NATIONAL LEAGUE SUPERIORITY
I commend Jim Kaplan on his American League vs. National League story (It's the Nationals' Pastime, April 4). I've been a dedicated Phillies fan for years and am relieved to discover I'm not the only one who thinks the National is the superior league. Everyone in my family roots for the White Sox, and I rarely can mention the National League without enduring an American League rebuttal. Ever since I showed my family this article, however, things have been pretty quiet around our house.
In response to Jim Kaplan's assertion that the National League is "vastly superior" to the American League, I say baloney! He says, "In truth, there was more to St. Louis' win [in the '82 Series] than the missing [Brewer Pitcher Rollie] Fingers." Like what? The Cardinals try harder? They're more team oriented? They've got more tradition? They're better players because they're accustomed to performing on a carpet? No thanks! I can't buy it! And I can't buy Bum Luck, The Star Syndrome, The Pete Rose Syndrome or Ballpark Fever either.
As for Kaplan's "innings" seven and eight, concerning umpiring and the DH rule, both pertain to an aspect of baseball that is subjective. Kaplan likes ground balls; I like home runs. As for his points about blacks and Hispanics and farm systems, I'll grant that the National League may have the edge there, but he's wrong in his ninth inning, entitled Speed Kills. When you play defense on a cement slab, as half the teams in the National League do in their home parks, you'd better be fast, which carries over to the offense in terms of stolen bases and extra bases. It's easier to hit a ball through a hole on a rug, so faster players—which often means weaker hitters—are perfect. But is this turf-tailored speed to be interpreted as constituting a more aggressive league? Then I suppose artificial turf is better. Come on, Kaplan, get serious!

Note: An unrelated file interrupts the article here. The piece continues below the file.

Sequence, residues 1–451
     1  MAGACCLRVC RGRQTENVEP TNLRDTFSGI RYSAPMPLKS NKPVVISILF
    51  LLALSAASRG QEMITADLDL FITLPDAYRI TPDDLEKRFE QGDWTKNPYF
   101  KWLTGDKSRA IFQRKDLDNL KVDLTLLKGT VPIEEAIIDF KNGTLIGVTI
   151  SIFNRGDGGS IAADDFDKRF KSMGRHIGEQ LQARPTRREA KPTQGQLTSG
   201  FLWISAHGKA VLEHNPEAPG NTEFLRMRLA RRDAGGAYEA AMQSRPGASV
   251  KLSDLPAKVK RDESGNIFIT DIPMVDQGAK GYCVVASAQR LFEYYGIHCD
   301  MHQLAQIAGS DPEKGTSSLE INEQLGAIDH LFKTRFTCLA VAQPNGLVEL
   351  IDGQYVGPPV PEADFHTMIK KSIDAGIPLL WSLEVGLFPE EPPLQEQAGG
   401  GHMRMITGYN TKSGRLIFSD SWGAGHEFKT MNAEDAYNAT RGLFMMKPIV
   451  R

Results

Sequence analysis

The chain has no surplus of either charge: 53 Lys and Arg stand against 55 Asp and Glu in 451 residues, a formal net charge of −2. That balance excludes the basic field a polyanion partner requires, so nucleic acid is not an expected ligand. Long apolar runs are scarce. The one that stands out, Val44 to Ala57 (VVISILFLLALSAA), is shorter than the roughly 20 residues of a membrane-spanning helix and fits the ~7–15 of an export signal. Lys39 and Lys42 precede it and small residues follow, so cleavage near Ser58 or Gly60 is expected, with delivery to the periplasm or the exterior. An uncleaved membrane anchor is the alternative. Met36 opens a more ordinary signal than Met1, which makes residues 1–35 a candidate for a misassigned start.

When the Cardinals have to come from three runs behind in the seventh game—the fourth played on artificial turf—to win against a team stripped of its relief ace, I'm not so sure I'd call them vastly superior.
Jim Kaplan's article proclaiming the National League's supposed superiority made my American League blood boil. The American League is no pushover! In fact, it might be better than the National League.
In the first place, the All-Star Game proves nothing, except perhaps that National League fans are better at choosing players for their team. As for the World Series, Texas Vice-president and General Manager Joe Klein is absolutely right: The only thing that the National League's winning of the World Series proves is that it is better in four out of seven games in October. Many times only one run better!